The Story

The story (which takes some liberties, and is not canon) goes like this: After the fall of Sauron that first time, the people of Gondor swore that never again would Mordor be allowed to rise, that eye’s would not see it and smash it down. A garrison was established at the Black Gate, and so it went for ages, until… The problem is, when an evil so ancient that is existed before time (so long ago it was actually a being of ‘good’) wants back into its old place, well, you don’t want to be the one in the way. Obliterated by the Dark Lords vanguard, a ranger survives long enough to see his family murdered, before suffering the same fate in some dark ritual, enacted by the Black Hand of Sauron. For reasons unknown, the end result is Talion, the ranger, is soul bonded with the Wraith of an elf lord that knows not who he is.

And you thought you had problems. Good news is, now it’s time to kill some Uruk’s.


A Sea of Uruks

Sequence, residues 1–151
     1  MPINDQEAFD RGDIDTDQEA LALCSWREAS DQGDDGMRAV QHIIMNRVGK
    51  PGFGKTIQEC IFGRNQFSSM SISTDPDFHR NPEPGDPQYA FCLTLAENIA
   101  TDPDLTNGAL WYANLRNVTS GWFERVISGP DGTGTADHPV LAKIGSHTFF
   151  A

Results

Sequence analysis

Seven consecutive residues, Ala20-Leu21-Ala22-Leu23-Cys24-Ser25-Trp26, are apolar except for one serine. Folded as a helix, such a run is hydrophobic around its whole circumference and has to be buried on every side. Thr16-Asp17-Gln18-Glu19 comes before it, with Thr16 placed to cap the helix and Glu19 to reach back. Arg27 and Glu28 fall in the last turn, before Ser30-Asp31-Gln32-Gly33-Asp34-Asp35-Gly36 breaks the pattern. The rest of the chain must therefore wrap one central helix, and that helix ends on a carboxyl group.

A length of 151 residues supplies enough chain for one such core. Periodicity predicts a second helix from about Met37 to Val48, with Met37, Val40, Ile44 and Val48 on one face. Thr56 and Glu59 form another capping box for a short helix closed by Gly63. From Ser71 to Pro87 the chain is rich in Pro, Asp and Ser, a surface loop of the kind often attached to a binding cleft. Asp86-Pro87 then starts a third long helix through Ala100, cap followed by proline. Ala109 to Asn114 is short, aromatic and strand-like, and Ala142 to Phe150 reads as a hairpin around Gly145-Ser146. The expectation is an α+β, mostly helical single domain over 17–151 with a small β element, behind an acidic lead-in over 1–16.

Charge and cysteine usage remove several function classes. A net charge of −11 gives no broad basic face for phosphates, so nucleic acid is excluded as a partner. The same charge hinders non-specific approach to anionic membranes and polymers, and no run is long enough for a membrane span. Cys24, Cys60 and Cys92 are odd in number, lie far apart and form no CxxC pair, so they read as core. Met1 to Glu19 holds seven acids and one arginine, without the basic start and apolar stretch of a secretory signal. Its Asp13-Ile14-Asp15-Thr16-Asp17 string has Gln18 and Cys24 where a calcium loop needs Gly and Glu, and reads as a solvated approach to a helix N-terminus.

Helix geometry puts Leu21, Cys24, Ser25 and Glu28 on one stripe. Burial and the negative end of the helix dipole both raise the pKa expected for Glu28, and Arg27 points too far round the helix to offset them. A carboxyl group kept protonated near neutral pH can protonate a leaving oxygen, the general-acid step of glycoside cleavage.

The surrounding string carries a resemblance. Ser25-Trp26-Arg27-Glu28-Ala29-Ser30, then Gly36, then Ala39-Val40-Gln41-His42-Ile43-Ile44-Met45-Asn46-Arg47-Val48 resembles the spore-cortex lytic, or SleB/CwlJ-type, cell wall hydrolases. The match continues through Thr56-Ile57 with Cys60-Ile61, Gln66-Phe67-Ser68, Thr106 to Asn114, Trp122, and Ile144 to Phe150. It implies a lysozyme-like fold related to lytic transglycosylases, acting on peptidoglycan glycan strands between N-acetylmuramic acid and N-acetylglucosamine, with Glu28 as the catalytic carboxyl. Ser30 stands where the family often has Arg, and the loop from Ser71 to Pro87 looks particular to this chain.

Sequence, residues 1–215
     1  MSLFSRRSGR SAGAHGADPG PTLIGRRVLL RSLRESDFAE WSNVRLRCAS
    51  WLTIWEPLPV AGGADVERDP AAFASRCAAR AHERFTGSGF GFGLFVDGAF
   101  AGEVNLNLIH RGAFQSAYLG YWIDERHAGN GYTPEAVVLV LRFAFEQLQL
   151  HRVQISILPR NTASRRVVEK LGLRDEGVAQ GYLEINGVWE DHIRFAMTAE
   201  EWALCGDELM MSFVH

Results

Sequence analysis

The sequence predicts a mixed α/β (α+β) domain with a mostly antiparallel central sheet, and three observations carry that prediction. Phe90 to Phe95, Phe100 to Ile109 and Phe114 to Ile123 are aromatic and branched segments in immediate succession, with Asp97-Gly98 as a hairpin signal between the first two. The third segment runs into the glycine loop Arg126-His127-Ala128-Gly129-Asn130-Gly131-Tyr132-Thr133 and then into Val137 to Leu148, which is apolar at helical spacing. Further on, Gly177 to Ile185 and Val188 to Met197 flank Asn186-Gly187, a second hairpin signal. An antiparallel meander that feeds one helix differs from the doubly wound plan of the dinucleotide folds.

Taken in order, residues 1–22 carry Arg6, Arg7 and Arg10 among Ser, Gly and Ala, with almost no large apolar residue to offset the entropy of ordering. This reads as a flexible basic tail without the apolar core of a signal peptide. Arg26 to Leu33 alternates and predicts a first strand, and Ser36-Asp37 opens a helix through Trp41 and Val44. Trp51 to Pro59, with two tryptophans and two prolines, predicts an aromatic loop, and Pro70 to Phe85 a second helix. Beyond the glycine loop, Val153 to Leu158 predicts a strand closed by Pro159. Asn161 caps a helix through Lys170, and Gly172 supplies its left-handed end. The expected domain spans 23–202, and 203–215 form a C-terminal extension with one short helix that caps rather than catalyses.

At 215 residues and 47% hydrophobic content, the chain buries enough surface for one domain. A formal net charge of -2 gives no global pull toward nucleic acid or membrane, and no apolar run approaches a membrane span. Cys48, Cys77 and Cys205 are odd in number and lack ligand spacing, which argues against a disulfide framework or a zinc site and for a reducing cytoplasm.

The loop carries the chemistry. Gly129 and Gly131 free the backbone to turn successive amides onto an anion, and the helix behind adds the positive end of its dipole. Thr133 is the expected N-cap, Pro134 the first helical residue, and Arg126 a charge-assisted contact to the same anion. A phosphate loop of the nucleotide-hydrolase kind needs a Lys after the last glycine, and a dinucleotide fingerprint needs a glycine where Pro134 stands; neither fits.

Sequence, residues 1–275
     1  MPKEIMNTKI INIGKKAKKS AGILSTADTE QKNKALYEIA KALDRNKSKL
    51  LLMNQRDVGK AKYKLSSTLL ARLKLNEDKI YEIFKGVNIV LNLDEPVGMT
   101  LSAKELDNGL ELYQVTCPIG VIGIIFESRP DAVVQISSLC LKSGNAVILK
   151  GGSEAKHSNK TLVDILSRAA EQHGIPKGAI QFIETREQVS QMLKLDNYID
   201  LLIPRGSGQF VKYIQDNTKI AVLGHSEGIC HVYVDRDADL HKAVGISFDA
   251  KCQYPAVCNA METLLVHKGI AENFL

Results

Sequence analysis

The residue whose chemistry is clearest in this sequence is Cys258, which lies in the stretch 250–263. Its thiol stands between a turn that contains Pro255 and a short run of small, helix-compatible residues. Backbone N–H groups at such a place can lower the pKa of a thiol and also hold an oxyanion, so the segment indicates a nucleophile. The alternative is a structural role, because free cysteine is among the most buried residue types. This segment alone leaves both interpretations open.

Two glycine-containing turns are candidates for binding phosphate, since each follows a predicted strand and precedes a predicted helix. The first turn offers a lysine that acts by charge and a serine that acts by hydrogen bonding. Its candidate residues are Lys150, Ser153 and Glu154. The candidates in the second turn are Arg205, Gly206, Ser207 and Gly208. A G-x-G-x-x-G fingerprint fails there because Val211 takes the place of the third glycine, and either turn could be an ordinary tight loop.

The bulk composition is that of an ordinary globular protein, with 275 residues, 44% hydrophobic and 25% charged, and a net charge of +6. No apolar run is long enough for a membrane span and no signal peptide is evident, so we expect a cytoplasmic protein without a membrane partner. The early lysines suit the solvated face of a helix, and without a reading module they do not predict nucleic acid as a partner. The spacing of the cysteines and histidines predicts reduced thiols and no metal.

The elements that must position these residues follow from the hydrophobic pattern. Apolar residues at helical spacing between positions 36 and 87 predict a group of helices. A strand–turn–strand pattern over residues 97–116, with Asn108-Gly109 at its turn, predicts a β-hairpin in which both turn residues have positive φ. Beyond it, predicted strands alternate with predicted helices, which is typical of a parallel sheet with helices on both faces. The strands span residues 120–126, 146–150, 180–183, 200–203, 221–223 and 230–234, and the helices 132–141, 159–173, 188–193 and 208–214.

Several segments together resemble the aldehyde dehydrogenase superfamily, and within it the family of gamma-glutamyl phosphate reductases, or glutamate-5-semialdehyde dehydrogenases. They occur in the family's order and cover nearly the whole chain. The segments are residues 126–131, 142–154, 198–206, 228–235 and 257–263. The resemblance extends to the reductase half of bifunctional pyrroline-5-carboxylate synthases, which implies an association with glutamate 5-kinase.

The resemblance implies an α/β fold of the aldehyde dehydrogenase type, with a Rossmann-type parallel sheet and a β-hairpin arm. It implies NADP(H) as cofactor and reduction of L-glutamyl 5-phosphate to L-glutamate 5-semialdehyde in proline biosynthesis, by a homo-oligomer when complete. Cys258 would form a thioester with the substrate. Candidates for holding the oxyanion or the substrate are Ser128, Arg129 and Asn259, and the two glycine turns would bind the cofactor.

At its heart, Middle-earth: Shadow of Mordor is a fairly simple game. It’s about one guy trying to disrupt and undermine an entire army of monsters on a straight up path of revenge. The fact he has a spectral stowaway just gives him more tools with which to do it. The game doesn’t mess around and drops you in, and gives you a primer. Though the game can be summed up simply enough, there are a lot of moving pieces at play, luckily, it’s a practical education, and you’ll have lots of practice. They might as well have called this an ‘Orc Murder Sim’ because it’s open bloody season. Which brings me to one of my issues with Shadow of Mordor’s. There might just be too much to do. After your primer you will find yourself quickly able to access the main story quest, but it seems that almost instantly, and with nearly every other trip you take, you will amass a great many more things on your itinerary. Mordor is a fair sized place, and broken into quadrants. Broken towers lay strewn about, while in Wraith mode, they will grow, and shine. These act as warp points and your spawn points, and, you guessed it, will unlock yet more things to do. It can drive you crazy, or did me.